If you are planning on sitting for the New York Bar, especially if you are a 2012 admit, be aware that New York has implemented a 50-hour pro bono requirement as part of the bar admission application. This new requirement applies to all applicants after January 2015.
Pro bono service work is defined as supervised pre-admission law-related work that
(1) assists in the provision of legal services without charge for (i) persons of limited means; (ii) not-for-profit organizations; or (iii) individuals, groups or organizations seeking to secure or promote access to justice, including, but not limited to, the protection of civil rights, civil liberties or public rights;
(2) assists in the provision of legal assistance in public service for a judicial, legislative, executive or other governmental entity; or
(3) provides legal services pursuant to subdivisions two and three of section 484 of the Judiciary Law, or pursuant to equivalent legal authority in the jurisdiction where the services are performed.
For New Jersey bar applicants, the New Jersey Supreme Court is considering a pro bono requirement similar to New York’s. Such changes are still in the discussion phase with no specific date yet for when, or if, New Jersey will implement this new requirement.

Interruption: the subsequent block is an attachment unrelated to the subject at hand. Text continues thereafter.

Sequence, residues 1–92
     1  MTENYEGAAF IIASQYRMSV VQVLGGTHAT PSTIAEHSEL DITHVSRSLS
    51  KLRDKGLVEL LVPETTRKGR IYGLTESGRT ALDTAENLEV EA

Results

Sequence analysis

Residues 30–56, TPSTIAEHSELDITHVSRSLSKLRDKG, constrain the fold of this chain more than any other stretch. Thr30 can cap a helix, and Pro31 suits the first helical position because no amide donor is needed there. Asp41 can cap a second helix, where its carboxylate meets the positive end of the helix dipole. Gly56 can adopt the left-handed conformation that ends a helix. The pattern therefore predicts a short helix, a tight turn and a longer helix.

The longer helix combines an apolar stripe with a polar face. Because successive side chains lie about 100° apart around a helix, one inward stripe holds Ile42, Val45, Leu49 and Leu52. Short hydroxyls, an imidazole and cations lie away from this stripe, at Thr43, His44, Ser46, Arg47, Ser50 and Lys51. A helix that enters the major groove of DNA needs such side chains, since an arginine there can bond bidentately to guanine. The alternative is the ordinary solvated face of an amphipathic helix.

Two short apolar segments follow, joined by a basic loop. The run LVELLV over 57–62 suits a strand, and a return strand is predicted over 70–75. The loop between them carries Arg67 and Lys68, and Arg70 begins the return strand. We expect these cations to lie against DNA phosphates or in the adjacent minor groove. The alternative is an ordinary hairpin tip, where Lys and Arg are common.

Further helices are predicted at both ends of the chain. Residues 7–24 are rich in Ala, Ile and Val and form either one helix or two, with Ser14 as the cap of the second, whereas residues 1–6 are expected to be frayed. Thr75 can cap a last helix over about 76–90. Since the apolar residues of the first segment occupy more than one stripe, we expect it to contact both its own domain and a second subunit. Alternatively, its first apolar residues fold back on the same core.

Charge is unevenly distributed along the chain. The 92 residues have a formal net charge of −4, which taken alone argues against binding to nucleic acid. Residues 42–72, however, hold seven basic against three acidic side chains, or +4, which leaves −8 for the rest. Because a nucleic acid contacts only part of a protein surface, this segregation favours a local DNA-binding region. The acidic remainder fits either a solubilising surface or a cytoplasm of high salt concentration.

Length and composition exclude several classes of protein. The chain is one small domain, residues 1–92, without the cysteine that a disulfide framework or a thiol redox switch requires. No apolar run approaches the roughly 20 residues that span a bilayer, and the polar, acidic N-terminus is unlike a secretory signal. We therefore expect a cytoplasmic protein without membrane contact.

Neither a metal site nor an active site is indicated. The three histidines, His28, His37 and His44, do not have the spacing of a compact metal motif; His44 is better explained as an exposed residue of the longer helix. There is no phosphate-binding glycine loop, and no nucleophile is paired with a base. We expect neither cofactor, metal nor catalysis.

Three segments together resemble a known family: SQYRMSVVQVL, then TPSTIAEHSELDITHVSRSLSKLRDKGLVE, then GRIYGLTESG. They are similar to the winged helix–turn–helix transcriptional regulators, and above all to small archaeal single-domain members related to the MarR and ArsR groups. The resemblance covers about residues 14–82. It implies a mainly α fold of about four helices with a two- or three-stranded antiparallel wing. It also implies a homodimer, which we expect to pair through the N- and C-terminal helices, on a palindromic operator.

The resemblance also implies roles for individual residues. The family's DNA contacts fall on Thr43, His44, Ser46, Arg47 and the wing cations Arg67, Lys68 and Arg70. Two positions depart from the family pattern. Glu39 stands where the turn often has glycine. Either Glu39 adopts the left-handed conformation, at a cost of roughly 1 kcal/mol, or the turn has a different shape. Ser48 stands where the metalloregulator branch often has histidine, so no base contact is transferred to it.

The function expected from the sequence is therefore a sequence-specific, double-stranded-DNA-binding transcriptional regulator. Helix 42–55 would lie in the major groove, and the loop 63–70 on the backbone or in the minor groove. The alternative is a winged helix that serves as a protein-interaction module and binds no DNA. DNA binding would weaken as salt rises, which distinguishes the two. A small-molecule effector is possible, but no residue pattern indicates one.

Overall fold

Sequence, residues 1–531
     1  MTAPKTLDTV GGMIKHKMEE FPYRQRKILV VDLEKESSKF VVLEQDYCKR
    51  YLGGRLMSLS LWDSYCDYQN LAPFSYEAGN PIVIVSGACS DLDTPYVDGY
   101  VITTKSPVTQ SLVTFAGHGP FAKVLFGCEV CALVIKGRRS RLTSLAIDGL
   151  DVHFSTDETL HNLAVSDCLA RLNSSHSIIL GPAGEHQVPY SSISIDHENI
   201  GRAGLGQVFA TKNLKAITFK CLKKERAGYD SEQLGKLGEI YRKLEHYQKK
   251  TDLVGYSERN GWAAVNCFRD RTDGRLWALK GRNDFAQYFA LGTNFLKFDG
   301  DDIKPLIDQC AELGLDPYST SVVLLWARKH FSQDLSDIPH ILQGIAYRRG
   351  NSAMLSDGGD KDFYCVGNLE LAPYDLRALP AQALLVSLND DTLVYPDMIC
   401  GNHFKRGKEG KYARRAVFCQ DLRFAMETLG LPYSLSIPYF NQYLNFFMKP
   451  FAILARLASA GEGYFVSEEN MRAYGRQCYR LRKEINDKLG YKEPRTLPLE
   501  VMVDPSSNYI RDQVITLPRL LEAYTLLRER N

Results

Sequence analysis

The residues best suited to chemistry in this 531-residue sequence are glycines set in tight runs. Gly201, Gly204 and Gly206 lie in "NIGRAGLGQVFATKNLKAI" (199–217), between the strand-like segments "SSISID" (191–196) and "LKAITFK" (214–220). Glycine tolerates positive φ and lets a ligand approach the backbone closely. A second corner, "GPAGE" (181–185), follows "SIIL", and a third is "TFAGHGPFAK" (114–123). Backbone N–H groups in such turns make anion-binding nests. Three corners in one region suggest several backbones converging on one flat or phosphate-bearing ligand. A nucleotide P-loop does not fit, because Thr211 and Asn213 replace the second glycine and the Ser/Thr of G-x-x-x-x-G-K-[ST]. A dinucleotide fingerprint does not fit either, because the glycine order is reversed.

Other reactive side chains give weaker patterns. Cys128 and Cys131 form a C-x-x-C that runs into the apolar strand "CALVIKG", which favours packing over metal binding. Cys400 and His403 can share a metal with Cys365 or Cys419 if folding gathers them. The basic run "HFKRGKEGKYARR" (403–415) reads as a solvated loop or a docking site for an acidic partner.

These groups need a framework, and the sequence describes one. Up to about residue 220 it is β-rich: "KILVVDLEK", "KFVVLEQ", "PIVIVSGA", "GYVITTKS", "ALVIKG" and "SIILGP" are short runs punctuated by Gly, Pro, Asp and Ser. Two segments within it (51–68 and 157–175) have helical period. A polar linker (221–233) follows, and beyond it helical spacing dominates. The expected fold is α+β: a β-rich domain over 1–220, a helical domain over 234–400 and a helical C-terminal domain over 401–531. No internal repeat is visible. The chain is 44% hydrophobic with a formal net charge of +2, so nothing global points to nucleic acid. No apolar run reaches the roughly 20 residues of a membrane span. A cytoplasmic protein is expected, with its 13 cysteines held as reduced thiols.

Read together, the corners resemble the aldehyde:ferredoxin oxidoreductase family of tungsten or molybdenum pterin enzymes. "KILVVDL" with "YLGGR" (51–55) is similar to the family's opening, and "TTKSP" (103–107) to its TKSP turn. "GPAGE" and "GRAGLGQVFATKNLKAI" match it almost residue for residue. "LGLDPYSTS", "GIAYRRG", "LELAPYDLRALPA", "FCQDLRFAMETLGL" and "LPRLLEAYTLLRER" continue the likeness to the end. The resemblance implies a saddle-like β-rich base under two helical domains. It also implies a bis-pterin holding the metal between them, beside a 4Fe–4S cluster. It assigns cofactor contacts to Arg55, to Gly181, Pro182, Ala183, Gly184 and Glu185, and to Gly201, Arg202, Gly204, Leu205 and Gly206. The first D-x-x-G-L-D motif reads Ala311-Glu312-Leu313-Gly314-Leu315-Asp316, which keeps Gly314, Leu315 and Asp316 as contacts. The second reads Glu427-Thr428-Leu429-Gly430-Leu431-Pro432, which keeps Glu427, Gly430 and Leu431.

Students must also note that New York does not accept distance education asynchronous credits and any such credits on a student’s transcript may require further review upon application. Thus, students must pay close attention when registering for distance education classes and take only those classes listed as synchronous.
If you have any additional questions about either the New York or New Jersey bar, or any other state bar, please contact Sharon Gurule to make an appointment with an Academic Success counselor. Students are also encouraged to visit their respective state’s Board of Bar Examiners website for other frequently asked questions.